Metro State science building has green light

Metro State University will break ground this summer on its new science building, thanks to state bonding funds. A rendering of Metro State University’s new science building shows how it will connect to the rest of the campus via skyway over East Sixth Street. (submitted graphic)

Will mean a busy summer of construction on East Side campus

Well, the funding’s lined up, and the contractor’s picked -- Metro State University will begin work this summer on a new science education building.

Construction is slotted to start in August, and will go through winter 2015.

The school intends for it to be up and running in time for the 2016 spring semester.

The $35.865 million facility will be paid for through state bonding passed in May. The building will be located along East Sixth Street and Mounds Boulevard, to the south of the rest of the campus, and will connect to the school’s Founders Hall via skyway.

Plans include nine student labs, as well as four dedicated research labs for professors and upper-level students. It also includes four general classrooms, two lecture rooms, and 18 offices.

This is a far cry from the current facilities at the school.

Students currently enrolled in science programs “are really squeezed into a couple of converted general classrooms,” said Tom Cook, director of government relations at the school.

The new building “allows us to properly serve close to 700 science majors that are enrolled now,” he said.

Becky Omdahl, dean of the school’s arts and sciences department, noted that the current spaces have only one hood fume per lab -- the new space will have many more hoods, allowing more time and resources for experiments.

“That’s so important -- giving students the opportunity to do more kinds of experiments,” she said.

Cook also said the expansion will mean the school will add “a wider menu of science programs.”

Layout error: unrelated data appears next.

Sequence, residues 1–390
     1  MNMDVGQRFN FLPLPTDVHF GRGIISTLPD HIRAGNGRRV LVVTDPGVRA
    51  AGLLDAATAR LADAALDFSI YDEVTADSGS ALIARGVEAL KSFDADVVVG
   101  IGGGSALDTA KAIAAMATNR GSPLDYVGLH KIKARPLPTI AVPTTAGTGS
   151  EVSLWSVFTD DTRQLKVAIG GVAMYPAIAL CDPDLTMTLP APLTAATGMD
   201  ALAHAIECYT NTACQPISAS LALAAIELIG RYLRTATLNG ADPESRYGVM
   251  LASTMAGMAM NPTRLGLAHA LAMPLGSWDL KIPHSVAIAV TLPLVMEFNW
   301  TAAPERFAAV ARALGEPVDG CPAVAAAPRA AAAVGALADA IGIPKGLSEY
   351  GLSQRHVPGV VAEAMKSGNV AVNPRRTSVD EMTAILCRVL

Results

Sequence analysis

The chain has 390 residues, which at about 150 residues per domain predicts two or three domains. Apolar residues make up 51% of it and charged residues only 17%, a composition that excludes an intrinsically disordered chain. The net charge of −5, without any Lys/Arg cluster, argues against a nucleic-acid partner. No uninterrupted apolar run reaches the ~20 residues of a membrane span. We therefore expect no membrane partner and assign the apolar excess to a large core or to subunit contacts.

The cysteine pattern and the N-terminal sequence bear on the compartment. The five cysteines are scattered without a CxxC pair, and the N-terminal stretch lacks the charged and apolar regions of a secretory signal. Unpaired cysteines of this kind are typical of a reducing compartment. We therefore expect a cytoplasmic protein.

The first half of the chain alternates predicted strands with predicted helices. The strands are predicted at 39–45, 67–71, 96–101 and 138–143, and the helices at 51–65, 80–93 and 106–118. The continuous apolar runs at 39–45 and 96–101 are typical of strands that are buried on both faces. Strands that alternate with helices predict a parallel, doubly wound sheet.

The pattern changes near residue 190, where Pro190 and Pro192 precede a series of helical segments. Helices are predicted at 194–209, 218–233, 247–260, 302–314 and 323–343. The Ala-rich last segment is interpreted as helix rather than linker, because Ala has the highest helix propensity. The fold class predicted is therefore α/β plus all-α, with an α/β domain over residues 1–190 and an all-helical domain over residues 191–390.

An excercise science program was recently approved, as was a Bachelor in Chemistry. The School will also add a master’s of professional science program, at the request of local science-based employers.

Others will be rolling out too, Cook said.

The department has also been hiring new faculty in preparation for the transition. By the time the new building opens, Omdahl expects the current nine science professors will be up to 14 or 15.

Cook said the new facilities will also be good for younger learners -- the school regularly has area kids come and visit the campus to learn about higher education.

“Now they’ll be able to walk through a state-of-the-art science building ... and think ‘Boy, I could go into biology, I could go to med school.’”

The flexibility of the space will mean the facility should be poised to serve the growing student body at Metro State for a while, Cook said. But it is designed for another addition on the east side of the structure.

He said it also opens up possibilities for the school’s nursing program. Before, the school had only been taking transfer nursing students. Now, they’ll be able to provide the prerequisite classes for the nursing program in-house.

“That just wasn’t possible before,” Cook said.

Cook said that Metro State’s East Side campus used to be known as “the campus without walls” because of a lack of facilities. But with expansions underway this summer for a new student center, parking ramp, and now a science center, the term is much less fitting, he said.

“The university has really evolved.”

Contact Patrick Larkin at 651-748-7816 or at Follow him on Twitter at @ESRPatrickLark.


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